Antioxidants and HNE in redox homeostasis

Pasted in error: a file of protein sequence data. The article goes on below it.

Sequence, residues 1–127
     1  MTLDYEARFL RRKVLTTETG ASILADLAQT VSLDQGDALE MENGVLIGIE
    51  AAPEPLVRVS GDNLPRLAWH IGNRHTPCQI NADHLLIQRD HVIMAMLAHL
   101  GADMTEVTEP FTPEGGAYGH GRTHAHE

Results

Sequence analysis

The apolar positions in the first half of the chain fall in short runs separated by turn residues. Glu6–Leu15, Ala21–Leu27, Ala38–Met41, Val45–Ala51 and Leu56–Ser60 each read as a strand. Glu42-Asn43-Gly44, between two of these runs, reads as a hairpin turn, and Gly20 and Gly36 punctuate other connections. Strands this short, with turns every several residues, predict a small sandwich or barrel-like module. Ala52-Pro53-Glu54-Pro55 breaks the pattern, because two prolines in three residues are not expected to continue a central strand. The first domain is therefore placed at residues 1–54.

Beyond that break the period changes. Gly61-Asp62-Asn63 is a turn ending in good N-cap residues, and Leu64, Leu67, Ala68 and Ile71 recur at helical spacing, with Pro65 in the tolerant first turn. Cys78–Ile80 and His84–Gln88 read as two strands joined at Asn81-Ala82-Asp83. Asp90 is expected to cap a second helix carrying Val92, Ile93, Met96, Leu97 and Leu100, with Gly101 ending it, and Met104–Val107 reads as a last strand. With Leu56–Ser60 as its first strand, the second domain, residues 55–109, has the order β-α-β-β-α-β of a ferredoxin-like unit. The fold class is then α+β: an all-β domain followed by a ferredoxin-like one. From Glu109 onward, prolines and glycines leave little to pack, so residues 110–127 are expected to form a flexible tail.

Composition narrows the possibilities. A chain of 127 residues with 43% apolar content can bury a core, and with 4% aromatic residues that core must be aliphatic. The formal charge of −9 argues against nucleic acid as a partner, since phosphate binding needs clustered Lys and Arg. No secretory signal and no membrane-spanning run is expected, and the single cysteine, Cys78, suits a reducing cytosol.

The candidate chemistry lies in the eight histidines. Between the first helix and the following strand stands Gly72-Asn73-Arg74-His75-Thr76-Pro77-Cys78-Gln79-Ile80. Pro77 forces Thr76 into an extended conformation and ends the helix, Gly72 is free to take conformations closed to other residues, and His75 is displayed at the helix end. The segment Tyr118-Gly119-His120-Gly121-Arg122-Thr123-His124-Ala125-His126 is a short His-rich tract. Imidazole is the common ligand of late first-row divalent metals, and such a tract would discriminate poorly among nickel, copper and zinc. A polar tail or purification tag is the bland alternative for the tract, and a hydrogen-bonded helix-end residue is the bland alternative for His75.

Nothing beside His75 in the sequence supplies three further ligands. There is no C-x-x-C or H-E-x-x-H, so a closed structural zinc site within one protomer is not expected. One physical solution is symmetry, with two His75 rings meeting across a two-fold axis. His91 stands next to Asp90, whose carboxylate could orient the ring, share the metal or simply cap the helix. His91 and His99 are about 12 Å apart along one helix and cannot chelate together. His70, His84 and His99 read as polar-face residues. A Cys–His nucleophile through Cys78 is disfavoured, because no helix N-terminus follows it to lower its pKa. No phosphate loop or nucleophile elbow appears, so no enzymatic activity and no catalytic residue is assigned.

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Under physiological conditions, cells are in a stable state known as redox homeostasis, which is maintained by the balance between continuous ROS/RNS generation and several mechanisms involved in antioxidant activity. ROS overproduction results in alterations in the redox homeostasis that promote oxidative damage to major components of the cell, including the biomembrane phospholipids. Lipid peroxidation subsequently generates a diverse set of products, including α,β-unsaturated aldehydes. Of these products, 4-hydroxy-2-nonenal (HNE) is the most studied aldehyde on the basis of its involvement in cellular physiology and pathology. This review summarizes the current knowledge in the field of HNE generation, metabolism, and detoxification, as well as its interactions with various cellular macromolecules (protein, phospholipid, and nucleic acid). The formation of HNE-protein adducts enables HNE to participate in multi-step regulation of cellular metabolic pathways that include signaling and transcription of antioxidant enzymes, pro-inflammatory factors, and anti-apoptotic proteins. The most widely described roles for HNE in the signaling pathways are associated with its activation of kinases, as well as transcription factors that are responsible for redox homeostasis (Ref-1, Nrf2, p53, NFκB, and Hsf1). Depending on its level, HNE exerts harmful or protective effects associated with the induction of antioxidant defense mechanisms. These effects make HNE a key player in maintaining redox homeostasis, as well as producing imbalances in this system that participate in aging and the development of pathological conditions.

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